Happy End of the Week, Borderstanis! I hope you’ve enjoyed this gorgeous weather with a new piece of Spring-time outwear I suggested last week.
So, speaking of last week, I hinted that I was a bit of a denim addict. Did I mention that I’m also the master of the understatement?
Over the past four years, I think I’ve easily bought around 70 pairs of jeans from multiple designers in varying washes, fits and states of distress. I won’t even attempt to calculate how much I spent because that way leads to madness. And eating my feelings. Which means I won’t be able to fit into the jeans I do have.
The only cut you really need is the slim straight. Not the boot-cut, not the carrot-top, not the super-stretchy skinny (i.e. male jeggings or MaJeggings) and never, ever the “relaxed” fit. Washes? Medium blue faded, darker wash, raw selvedge and white. Black and gray are optional.
Anyway, instead of indulging in my retail-therapy insanity, I thought I’d exorcize my denim-demons through some friendly advice. In other words, do as I say, don’t do as I do.
The Four (Maybe Six) Pairs of Jeans You Need
You only need four pairs of jeans in your wardrobe. Well, maybe six, but the last two are nice to haves, not must haves.
First of all, the only cut you really need is the slim straight. Not the boot-cut, not the carrot-top, not the super-stretchy skinny (i.e. male jeggings or MaJeggings) and never, ever the “relaxed” fit.
Depending on the designer, these all have different names. At Uniqlo, they’re referred to as slim straight, which is easy enough to remember. Then things get slightly more complicated. J.Crew has two basic varieties of slim straights: the vintage slim and the 484 slim. I prefer the latter as it’s a more flattering cut. High-end designers like Seven for All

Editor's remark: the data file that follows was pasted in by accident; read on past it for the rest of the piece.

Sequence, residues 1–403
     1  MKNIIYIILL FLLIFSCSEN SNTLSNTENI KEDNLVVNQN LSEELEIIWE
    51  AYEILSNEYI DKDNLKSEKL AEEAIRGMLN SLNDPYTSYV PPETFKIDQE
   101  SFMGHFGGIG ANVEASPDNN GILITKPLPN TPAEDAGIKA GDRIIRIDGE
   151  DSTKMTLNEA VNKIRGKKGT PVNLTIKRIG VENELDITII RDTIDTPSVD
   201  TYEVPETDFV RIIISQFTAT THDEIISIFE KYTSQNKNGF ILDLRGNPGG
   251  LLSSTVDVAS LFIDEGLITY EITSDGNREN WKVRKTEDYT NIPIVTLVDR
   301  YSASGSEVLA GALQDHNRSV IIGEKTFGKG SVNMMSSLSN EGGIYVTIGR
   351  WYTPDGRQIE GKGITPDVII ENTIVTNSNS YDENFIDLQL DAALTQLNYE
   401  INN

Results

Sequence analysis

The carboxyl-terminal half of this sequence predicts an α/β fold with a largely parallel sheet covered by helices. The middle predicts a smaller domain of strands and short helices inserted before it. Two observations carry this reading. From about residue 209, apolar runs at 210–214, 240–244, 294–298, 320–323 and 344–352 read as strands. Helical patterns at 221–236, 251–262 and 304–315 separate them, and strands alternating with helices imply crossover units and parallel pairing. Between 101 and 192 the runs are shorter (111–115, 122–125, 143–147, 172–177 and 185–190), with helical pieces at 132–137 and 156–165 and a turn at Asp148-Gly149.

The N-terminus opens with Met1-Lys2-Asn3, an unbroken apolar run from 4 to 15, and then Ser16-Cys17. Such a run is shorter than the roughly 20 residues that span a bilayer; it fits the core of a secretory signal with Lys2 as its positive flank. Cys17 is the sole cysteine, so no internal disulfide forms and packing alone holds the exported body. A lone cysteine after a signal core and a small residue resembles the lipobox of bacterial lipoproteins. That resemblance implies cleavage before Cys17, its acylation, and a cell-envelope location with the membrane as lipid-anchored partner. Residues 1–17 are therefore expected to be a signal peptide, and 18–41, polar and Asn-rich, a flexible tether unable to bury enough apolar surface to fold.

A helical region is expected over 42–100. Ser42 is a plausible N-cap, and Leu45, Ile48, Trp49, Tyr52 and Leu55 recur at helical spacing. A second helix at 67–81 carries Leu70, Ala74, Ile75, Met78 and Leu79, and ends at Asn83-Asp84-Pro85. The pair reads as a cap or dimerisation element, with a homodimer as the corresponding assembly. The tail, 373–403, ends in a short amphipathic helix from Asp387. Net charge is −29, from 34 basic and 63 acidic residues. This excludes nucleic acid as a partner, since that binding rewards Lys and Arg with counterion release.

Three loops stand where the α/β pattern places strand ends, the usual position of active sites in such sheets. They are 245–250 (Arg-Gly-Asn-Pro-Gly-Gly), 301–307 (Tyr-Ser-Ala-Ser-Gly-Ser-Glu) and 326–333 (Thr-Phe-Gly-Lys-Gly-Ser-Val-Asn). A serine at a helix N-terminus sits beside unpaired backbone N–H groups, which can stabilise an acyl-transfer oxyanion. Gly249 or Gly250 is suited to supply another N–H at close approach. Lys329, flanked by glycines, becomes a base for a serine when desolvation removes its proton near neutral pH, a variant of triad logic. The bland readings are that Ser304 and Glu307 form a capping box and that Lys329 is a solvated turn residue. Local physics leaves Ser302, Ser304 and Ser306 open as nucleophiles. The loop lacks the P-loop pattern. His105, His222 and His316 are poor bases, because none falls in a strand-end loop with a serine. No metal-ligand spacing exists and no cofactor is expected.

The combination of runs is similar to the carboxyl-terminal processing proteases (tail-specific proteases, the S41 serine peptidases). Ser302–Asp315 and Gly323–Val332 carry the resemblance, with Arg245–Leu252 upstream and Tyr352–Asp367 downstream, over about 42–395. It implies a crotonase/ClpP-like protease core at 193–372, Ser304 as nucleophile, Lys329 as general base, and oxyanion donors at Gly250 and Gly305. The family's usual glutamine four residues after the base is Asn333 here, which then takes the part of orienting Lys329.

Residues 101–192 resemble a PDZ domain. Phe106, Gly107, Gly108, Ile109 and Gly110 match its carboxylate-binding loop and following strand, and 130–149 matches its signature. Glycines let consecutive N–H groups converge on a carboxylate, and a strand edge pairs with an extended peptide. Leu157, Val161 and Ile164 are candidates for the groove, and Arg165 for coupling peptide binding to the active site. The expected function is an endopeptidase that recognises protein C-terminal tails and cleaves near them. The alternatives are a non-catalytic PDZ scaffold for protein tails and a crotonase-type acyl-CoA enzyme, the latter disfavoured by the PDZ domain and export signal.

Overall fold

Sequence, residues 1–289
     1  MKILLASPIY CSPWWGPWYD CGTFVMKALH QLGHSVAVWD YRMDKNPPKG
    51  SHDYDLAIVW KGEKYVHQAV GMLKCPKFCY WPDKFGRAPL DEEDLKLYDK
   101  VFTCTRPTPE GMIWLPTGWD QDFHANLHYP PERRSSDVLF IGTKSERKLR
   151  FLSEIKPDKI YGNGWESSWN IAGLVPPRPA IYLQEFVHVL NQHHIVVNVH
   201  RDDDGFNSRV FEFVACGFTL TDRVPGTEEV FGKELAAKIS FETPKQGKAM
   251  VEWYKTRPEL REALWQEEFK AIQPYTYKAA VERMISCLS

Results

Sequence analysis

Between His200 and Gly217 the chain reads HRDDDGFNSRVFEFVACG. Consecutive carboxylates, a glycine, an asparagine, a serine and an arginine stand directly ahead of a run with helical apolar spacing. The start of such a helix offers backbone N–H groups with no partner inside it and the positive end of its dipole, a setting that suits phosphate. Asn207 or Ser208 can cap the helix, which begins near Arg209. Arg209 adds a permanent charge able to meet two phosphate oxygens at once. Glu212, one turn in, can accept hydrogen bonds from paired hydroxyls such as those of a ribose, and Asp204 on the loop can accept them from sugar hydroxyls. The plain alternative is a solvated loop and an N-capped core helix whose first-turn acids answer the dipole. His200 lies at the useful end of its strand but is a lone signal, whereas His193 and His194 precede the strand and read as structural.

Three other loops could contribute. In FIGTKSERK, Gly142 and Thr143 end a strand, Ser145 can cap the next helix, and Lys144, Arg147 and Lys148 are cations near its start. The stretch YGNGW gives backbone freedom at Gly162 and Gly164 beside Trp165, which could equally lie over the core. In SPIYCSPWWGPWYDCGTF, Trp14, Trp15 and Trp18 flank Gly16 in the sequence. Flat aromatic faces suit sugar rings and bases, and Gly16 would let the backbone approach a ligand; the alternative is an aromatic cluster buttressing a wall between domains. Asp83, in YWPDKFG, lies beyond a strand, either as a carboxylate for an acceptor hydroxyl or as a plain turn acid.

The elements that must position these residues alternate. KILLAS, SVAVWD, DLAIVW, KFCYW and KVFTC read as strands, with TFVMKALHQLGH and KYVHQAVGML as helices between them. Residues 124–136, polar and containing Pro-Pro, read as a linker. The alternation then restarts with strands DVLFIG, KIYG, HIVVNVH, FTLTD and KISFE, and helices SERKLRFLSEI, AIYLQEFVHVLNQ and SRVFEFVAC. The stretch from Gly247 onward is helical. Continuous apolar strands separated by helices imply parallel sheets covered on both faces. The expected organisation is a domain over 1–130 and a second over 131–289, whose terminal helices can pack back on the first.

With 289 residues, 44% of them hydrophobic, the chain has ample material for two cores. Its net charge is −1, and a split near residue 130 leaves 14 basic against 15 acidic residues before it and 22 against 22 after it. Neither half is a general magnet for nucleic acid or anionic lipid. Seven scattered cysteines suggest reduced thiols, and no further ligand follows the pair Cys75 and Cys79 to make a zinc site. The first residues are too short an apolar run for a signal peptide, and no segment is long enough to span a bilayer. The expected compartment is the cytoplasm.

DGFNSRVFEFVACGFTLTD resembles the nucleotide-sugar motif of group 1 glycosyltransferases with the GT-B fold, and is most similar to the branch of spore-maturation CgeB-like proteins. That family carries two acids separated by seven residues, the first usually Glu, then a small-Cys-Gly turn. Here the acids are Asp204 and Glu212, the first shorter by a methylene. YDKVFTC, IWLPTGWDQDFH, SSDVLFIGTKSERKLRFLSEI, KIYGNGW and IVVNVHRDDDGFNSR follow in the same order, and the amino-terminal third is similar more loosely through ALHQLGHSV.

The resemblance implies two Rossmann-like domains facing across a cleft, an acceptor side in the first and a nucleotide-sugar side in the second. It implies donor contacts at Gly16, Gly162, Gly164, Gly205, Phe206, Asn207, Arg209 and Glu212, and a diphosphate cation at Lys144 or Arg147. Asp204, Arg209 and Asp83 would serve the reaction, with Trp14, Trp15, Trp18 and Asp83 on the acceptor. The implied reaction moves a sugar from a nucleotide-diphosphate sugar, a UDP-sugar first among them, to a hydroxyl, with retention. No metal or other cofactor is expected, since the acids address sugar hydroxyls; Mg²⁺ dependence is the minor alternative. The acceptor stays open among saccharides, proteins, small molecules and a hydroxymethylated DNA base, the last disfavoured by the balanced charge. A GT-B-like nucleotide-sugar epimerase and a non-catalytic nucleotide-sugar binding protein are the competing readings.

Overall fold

Mankind and Nudie Jeans have the whimsical-sounding Slimmy and Slim-Jim, respectively. My denim label of choice, Levi’s, calls ’em the 511 skinny jean, which is a little confusing considering they have a 514 slim straight (frankly, I find these to be too baggy and the openings are kinda flared) and a 510 super skinny (the aforementioned super-stretchy skinny).
The thing to remember about Levi’s is that, unlike other designers, they don’t use vanity sizing. Which means that if you’re a 30″ waist in other jeans, you’ll probably need a 32″ for Levi’s. And if your inseam is 32″, you should get a 30″ inseam. If you prefer to roll up your jeans, then stick with the longer inseam.
The Four Washes You Need
Now that we’ve got the cut out of the way, let’s talk about the washes. The following are the only four washes you’ll need in your wardrobe.
- The medium blue faded wash: This is the perfect “day time” jean (but can be worn to more casual evening events). This is the quintessential jean in my opinion because it goes with just about everything in your closet. From that plaid shirt, to the grey sweater, to the black polo to the graphic tee.
- The darker wash: This is a dressier jean that works perfectly for “date night.” Also, if you’re allowed to have casual Friday at your office, this is the pair that I’d wear. The gray wash: The “neutral” jean that’s a great alternative to a traditional blue wash. The black wash: Go on…be a rockstar. You know you want to.
- While not essentials, I recommend two additional jeans if you’ve got the funds and, in the latter case, the chutzpah: The raw selvedge jean — for the denim connoisseur. This is raw denim from Japan and, usually, quite expensive.
- White jeans: Ok, these can be rather tricky, but when pulled off well, they’re the perfect spring/summer jean. I love wearing my pair with a grayish-blue chambray shirt or a black polo.
That’s it for me this week. Have a terrific weekend.
BTW, that noise you’re hearing? It’s my friends in the neighborhood simultaneously laughing at me recommending only four to six pairs of jeans.